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Linda Cook

Linda Cook

Alfonso Cuarón’s new Spanish-language film “Roma” is a work of art.

Small wonder it earned Best Motion Picture — Foreign Language, and Cuarón himself earned Best Director at the Golden Globes. As awards season progresses, you are bound to hear more about this sometimes-beautiful, often-tragic black-and-white movie set in the early 1970s, a time of social unrest in Mexico City.

The setting is in the Colonia Roma district where Cuaron really did grow up.

Cleo, the family housekeeper/nanny, is played by Yalitza Aparicio, a teacher who is not a professional actress. That is, until now: With Cuarón’s outstanding direction, hers is one of the finest performances of the year.

She helps with the household of Sofia (Marina De Tavira), who has four children and a husband who is “away in Quebec.” Or at least that’s what Sofia tells the children. Her husband really has taken off to Acapulco with his girlfriend.

Cleo has a boyfriend of sorts — at least, they are lovers who sometimes go to the movies together. The narcissistic young man (Jorge Antonio Guerrero) is proud of his martial-arts abilities and, in a heartbreaking scene, abandons a bewildered Cleo when she tells him that she is pregnant.

Cuarón shows a world where uncertainty abounds, whether it’s the possibility of stepping in something the family dog left behind, a student demonstration that turns violent or an earthquake.

He is a master filmmaker. I have been a fan of his work since I saw “Y Tu Mama Tambien.” Others may recognize his name as the screenwriter of “Children of Men” and “Gravity.”

In many ways, this is a work of literature, not unlike “The Grapes of Wrath,” in which a central woman character is a stabilizing force for those around her.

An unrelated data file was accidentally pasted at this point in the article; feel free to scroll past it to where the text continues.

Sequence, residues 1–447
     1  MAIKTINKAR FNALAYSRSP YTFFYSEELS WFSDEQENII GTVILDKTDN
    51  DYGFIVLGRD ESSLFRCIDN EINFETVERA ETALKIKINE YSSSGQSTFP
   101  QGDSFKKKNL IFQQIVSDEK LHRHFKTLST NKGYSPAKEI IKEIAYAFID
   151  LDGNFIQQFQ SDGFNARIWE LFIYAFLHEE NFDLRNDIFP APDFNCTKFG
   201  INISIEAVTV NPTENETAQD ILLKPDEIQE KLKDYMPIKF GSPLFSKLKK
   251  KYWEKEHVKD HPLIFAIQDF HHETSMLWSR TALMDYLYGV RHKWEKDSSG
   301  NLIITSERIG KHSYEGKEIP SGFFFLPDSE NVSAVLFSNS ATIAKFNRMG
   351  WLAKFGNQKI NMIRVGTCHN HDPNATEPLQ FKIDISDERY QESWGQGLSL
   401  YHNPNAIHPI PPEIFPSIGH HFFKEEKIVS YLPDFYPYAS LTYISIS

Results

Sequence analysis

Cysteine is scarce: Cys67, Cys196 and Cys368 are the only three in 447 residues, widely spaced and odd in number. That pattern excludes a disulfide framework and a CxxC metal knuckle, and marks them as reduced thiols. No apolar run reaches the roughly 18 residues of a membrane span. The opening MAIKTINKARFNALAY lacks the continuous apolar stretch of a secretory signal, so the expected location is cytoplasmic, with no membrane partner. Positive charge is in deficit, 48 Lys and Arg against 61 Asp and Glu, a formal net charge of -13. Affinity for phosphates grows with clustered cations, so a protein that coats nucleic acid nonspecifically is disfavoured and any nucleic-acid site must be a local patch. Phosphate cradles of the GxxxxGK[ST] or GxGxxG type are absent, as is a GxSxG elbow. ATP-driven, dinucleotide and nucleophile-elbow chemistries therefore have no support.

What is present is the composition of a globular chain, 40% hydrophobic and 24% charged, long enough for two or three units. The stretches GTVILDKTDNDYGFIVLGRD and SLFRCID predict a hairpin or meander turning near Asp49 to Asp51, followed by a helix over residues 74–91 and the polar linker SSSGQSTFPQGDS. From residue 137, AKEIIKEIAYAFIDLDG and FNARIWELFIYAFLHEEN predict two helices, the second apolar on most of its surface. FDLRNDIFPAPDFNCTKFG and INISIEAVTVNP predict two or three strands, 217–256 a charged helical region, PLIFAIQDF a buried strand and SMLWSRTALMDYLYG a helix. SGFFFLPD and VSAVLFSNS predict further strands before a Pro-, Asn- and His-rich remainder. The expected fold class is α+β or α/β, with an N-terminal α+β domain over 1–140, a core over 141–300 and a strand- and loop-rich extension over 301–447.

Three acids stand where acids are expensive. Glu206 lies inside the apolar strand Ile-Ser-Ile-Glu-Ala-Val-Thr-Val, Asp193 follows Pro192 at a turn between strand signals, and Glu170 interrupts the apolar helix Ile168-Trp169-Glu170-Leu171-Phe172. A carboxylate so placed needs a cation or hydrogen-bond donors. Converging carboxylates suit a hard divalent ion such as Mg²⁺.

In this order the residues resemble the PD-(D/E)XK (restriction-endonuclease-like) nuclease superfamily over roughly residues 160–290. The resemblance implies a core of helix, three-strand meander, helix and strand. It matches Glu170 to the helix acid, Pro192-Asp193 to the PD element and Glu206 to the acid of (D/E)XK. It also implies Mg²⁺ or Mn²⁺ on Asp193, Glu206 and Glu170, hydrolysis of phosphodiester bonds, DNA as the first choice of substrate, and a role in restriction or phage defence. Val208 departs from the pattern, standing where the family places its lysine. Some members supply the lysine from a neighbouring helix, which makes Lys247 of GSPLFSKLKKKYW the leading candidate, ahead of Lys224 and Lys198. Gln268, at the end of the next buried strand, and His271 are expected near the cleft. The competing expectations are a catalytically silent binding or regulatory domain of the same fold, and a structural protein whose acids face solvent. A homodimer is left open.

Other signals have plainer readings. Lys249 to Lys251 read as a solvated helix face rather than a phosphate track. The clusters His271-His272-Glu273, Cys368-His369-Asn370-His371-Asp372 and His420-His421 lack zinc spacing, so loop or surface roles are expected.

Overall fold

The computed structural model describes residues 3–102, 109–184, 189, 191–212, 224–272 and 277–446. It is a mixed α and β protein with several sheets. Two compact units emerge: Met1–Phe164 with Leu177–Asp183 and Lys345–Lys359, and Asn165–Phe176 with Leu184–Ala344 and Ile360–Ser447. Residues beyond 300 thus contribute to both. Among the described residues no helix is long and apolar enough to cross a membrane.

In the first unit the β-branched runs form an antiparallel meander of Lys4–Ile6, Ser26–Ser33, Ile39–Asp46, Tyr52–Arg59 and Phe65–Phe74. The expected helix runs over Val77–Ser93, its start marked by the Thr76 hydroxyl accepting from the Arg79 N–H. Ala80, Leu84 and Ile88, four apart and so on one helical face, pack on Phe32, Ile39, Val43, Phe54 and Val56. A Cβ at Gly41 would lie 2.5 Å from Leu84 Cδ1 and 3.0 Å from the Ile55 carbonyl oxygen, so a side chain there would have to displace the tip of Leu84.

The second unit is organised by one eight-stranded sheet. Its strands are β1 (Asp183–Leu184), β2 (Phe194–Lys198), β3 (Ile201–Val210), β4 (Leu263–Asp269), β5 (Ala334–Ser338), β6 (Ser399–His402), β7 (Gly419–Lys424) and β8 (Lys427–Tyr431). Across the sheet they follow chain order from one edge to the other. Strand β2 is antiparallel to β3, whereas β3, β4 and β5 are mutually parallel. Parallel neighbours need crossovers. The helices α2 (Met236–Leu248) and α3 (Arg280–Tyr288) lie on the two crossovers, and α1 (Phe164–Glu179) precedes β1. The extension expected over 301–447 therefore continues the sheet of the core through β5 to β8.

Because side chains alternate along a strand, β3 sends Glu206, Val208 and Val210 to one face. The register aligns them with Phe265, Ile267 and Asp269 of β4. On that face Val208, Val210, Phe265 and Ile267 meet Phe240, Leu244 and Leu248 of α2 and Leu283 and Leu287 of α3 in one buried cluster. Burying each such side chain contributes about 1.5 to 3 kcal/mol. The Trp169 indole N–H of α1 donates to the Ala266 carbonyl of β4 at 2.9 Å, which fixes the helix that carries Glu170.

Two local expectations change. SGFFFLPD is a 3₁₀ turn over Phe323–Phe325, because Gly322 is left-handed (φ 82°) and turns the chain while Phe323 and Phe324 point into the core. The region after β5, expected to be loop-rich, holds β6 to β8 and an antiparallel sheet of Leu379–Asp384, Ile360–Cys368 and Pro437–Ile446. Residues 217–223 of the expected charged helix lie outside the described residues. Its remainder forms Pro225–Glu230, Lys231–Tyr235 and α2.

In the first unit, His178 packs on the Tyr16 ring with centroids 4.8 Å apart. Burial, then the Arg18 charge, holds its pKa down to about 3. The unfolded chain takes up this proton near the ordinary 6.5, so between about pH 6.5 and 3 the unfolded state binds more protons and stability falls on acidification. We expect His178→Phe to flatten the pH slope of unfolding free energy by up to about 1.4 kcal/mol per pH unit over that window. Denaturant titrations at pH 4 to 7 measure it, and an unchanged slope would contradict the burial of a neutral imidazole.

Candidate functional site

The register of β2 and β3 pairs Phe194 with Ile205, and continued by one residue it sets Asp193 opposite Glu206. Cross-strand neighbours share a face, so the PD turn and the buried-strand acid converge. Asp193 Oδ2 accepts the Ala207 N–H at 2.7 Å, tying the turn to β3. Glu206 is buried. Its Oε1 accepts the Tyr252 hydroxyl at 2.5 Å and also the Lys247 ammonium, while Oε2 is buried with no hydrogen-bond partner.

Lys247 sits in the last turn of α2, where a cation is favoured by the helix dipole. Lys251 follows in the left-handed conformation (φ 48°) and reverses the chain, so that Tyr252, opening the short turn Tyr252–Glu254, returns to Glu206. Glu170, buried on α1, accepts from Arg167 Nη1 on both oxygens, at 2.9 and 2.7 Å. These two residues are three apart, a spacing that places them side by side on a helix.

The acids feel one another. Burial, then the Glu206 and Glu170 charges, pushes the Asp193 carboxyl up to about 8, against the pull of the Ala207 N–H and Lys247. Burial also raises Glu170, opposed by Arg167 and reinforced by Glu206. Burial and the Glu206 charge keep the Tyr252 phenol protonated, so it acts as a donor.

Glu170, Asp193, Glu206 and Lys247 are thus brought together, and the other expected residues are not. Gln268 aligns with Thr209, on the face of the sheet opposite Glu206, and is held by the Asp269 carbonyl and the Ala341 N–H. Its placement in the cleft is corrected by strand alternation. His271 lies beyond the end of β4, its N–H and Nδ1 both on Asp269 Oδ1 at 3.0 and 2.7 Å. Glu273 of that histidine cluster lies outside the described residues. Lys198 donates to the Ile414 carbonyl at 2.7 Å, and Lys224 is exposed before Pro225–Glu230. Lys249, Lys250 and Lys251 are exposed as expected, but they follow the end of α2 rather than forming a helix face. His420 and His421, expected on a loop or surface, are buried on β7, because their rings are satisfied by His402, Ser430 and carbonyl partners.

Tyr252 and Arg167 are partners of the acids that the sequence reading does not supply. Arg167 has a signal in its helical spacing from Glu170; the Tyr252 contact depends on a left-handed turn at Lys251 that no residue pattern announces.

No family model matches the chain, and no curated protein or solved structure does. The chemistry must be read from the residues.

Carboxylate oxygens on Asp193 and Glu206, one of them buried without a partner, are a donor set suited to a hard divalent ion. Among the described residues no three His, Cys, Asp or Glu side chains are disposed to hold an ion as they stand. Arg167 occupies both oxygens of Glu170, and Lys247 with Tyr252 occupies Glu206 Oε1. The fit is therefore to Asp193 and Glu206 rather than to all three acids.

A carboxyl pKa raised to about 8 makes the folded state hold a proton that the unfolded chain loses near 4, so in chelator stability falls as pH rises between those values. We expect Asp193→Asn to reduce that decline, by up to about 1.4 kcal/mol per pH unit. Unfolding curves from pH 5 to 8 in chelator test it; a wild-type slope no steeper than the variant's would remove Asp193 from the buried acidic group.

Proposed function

Throughout, Cuarón lets us hear the city — the hum of traffic, the chatter of people in the streets — that gives an almost-documentary feeling to the film. The gorgeous black-and-white cinematography adds to the true-to-life feel of a bygone era.

Always, the undercurrent of how women — regardless of their stations — must adapt to being abandoned by men runs through the story. The ensemble delivers memorable performances of characters you’ll remember for a long time.

I must caution sensitive viewers that there is a scene in this film that you probably would not see in an American film. It is graphic, sad, realistic and shocking, and is one of the reasons the movie is rated “R.” Despite the presence of a young family in the ensemble, this is unsuitable for children.

This is one of the finest films of the year … or any year.

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Film critic/reporter since 1985 at Quad-City Times. Society of Professional Journalists, Broadcast Film Critics Association and Alliance of Women Film Journalists member. Member of St. Mark Lutheran Church.